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Antipsychotic-Induced Metabolic Syndrome: A Review.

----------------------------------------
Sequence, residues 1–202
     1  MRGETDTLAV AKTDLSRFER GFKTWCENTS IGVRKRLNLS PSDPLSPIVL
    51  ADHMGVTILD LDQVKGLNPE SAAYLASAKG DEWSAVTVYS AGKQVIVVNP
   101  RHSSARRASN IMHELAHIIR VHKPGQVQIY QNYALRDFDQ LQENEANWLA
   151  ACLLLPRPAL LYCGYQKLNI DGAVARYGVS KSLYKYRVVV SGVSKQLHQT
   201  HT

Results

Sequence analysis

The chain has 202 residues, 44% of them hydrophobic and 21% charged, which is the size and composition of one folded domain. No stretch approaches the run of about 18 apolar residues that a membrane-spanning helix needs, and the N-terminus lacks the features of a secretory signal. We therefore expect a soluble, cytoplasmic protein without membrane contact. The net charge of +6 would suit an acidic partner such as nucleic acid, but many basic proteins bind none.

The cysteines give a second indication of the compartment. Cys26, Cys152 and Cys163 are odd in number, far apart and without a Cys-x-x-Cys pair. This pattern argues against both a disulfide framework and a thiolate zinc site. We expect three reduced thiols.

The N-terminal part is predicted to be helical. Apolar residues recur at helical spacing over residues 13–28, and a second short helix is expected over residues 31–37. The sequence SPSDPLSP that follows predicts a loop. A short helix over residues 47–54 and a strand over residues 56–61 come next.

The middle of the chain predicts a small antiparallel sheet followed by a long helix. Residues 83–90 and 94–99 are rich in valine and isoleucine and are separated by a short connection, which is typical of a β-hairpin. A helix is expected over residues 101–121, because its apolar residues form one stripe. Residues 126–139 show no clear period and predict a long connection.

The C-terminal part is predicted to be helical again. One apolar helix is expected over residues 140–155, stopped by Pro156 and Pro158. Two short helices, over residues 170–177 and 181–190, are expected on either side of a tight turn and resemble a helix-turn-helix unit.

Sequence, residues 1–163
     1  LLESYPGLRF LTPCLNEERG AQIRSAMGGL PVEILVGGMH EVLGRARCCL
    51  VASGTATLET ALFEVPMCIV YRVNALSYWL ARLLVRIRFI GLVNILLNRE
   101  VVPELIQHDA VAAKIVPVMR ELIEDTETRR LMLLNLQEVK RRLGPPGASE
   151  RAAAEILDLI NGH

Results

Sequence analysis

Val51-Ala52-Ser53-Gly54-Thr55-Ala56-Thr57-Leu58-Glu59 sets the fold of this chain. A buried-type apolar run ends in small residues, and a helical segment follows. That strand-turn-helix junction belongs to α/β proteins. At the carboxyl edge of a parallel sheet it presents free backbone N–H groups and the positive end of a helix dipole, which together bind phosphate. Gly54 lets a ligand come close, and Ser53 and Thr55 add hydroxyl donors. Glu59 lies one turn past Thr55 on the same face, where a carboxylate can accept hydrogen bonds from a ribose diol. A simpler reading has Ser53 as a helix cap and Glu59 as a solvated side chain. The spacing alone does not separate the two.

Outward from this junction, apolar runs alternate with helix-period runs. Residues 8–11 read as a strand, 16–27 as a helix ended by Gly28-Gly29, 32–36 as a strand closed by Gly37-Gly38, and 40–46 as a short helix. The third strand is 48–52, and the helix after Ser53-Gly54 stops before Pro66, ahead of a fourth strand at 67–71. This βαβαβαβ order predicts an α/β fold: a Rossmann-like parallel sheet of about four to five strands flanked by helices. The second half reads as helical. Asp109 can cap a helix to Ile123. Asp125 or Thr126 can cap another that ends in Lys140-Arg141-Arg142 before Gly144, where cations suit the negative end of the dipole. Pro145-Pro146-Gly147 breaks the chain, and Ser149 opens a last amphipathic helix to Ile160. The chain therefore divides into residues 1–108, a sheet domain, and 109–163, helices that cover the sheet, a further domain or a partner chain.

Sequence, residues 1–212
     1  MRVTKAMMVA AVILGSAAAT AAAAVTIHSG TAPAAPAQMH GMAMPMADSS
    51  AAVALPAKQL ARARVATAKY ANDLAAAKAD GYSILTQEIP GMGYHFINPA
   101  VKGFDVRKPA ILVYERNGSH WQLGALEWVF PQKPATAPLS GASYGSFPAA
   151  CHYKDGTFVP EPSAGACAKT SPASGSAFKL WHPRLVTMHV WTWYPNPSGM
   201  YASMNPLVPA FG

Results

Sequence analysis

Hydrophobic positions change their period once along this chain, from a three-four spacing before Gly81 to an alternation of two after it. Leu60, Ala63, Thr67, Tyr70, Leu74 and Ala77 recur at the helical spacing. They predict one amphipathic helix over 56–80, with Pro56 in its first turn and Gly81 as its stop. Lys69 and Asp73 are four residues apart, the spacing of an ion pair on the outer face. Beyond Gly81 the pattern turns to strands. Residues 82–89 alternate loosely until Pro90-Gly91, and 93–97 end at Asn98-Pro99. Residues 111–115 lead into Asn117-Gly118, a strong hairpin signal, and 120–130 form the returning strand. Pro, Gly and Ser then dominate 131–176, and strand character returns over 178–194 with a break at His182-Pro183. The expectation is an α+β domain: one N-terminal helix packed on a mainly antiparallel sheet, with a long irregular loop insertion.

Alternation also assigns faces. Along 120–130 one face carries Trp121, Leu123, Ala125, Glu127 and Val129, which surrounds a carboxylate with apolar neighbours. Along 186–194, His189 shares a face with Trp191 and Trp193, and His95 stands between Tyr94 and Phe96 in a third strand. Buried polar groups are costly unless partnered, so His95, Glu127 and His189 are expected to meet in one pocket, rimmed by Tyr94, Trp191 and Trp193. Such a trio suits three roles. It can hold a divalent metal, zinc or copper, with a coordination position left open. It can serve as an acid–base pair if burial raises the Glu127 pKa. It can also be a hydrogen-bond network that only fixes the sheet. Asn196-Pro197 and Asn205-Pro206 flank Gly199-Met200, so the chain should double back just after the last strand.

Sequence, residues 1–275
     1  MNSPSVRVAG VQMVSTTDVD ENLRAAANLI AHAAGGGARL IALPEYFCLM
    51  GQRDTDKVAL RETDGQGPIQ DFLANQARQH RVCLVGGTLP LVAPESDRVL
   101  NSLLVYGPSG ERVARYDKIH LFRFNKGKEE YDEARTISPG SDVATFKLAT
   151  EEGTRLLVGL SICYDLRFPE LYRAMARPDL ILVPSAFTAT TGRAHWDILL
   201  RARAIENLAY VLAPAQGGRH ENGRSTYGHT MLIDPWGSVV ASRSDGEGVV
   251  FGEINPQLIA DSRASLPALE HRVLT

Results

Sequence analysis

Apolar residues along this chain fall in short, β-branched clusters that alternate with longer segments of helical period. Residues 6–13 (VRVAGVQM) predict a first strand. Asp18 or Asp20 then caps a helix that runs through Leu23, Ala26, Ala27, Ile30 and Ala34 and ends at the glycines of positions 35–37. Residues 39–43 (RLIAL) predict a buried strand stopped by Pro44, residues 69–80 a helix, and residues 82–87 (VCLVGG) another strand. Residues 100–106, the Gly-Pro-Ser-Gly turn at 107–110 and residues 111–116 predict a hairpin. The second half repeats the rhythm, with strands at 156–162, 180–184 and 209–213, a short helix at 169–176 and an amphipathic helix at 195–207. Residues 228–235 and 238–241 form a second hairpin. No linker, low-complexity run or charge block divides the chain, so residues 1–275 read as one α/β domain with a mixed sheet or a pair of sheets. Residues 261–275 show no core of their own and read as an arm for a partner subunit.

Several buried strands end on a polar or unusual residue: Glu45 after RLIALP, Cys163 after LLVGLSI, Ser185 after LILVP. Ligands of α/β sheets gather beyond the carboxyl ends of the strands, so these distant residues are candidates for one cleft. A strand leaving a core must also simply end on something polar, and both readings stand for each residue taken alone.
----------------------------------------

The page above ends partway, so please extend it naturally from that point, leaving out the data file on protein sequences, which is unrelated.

Schizophrenia, a serious psychiatric disorder, is among the top 10 global causes of disability and affects nearly 1% of the world population. Antipsychotics constitute the best treatment for patients with schizophrenia, however, this treatment class carries a high risk of metabolic syndrome, including lipid abnormalities. Indeed, the risk of metabolic syndrome would be increased in the population with schizophrenia compared to the general population. The objective is to summarize the prevalence, the mechanisms, and the potential treatments of antipsychotic-induced metabolic syndrome. This is a narrative review of the literature. We searched the electronic database Medline, accessed through PubMed, to find studies that investigated the prevalence and treatments of metabolic syndrome in the adult population using antipsychotics. The prevalence of metabolic syndrome in patients treated with antipsychotics ranges from 37% to 63%. Antipsychotic iatrogenic effects include weight gain/increased waist circumference, dyslipidemia, insulin resistance/type 2 diabetes, and hypertension. Clozapine and olanzapine are reported to precipitate the onset of metabolic syndrome features. In patients with metabolic syndrome, an antipsychotic with less metabolic side effects such as lurasidone, lumateperone, ziprasidone, and aripiprazole should be prioritized. Unlike medications, aerobic exercise and dietetic counseling were found to be efficient as the nonpharmacologic treatment of antipsychotic-induced metabolic syndrome. Few pharmacological treatments were proven effective against weight gain in this patient population. The risk of metabolic syndrome induced by antipsychotics should be early recognized and closely monitored. Primary and secondary prevention of metabolic syndrome or onset of its feature might help reduce the risk of death for patients using antipsychotics.

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